It was the wrap party for Bully, I wanna say. A bar opened for us and everyone was doing shots or what not. I was just drinking beer. We literally finished at 5 AM, so everyone started drinking at 5 AM. Now, it’s like 8:30 AM, and some people were saying, “let’s go jump in the ocean!” The girls went in in their underwear and no tops. For some weird reason, because I was drunk, I went in fully clothed. Some people who were walking their dogs saw us and called the cops. The cops called us out of the water. There were two girls who were with us that were grips on the movie. One of them kinda wasn’t as feminine, so the cops were giving her shit about her appearance. “Why do you look like a boy, blah blah blah.” I was like, “fuck you, man, who the fuck are you?” They arrested her first and I was like “fuck you! We’re all going down!” or something, just being wild. I just went to the drunk tank for a while. It wasn’t that big of a deal.That film set was so nuts, that getting arrested wasn’t a big deal. Brad Renfro had gotten arrested the day before. Brad was a bad drug addict. Larry Clark had to go to Kentucky or wherever Brad lived to drive him to Florida to sober him up, cold turkey. Brad, when he got to Florida, was somewhat sober, but he’s still a bad boy. The day before shooting, he finds this coke dealer to go jump on a boat to go do coke out in the ocean. They’re stealing this boat. They’re such geniuses, they forgot to untie the boat from the dock. They just put it in full throttle and the boat goes about five feet and gets stuck and some local hero jumps on board and holds them down until the cops get there. That was how the movie started.I know a lot of the actors were having sex with each other and couples would swap. They were kinda living their characters a little bit. I just kind of got to watch it from afar. What you see on screen is only half the story.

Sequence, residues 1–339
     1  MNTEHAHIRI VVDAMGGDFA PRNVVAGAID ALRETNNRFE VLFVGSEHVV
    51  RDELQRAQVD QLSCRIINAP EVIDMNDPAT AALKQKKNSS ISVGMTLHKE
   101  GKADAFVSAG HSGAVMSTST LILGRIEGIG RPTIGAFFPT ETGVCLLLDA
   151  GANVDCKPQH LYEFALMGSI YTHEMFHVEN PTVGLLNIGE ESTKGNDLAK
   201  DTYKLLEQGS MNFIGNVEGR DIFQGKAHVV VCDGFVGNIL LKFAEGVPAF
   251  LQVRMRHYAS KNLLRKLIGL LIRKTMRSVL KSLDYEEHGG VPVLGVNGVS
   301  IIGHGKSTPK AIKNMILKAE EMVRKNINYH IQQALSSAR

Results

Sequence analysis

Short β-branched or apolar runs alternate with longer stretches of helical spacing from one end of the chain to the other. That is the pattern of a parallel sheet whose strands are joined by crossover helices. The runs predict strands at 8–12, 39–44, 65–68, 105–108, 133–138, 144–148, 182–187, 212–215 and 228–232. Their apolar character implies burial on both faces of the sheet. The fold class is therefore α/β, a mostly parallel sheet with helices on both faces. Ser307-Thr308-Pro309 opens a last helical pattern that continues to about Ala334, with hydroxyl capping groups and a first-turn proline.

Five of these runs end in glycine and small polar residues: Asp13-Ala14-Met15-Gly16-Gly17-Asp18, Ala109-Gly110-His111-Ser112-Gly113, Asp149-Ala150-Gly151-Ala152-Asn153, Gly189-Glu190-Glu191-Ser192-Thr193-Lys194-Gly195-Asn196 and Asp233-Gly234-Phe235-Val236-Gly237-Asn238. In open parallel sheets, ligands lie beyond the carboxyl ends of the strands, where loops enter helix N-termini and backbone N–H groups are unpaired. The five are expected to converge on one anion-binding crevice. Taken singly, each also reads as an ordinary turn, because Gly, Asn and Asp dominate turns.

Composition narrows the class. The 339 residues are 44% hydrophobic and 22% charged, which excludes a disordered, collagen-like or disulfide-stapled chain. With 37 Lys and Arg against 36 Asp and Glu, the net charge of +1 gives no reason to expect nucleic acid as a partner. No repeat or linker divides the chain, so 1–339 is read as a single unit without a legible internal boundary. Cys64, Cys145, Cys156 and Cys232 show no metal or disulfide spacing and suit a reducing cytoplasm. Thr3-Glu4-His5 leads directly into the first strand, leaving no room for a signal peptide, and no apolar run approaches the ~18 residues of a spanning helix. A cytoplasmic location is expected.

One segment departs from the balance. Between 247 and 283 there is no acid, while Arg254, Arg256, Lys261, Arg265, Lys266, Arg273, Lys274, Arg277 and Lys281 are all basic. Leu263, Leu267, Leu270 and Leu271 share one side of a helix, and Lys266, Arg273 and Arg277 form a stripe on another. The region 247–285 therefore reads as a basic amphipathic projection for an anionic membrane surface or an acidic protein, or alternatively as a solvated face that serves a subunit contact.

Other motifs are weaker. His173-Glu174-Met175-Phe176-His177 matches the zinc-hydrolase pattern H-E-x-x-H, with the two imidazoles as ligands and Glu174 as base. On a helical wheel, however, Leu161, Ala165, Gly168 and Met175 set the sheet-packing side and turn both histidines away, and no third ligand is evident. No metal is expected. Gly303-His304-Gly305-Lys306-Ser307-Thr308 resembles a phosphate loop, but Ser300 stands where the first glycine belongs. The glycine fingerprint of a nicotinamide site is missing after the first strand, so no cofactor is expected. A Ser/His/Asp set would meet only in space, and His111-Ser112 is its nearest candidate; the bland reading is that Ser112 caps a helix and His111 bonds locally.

Drugs compared from the 90s until now. Not that party drugs could really be safe, but with Fentanyl and everything now, you have to be more careful with it.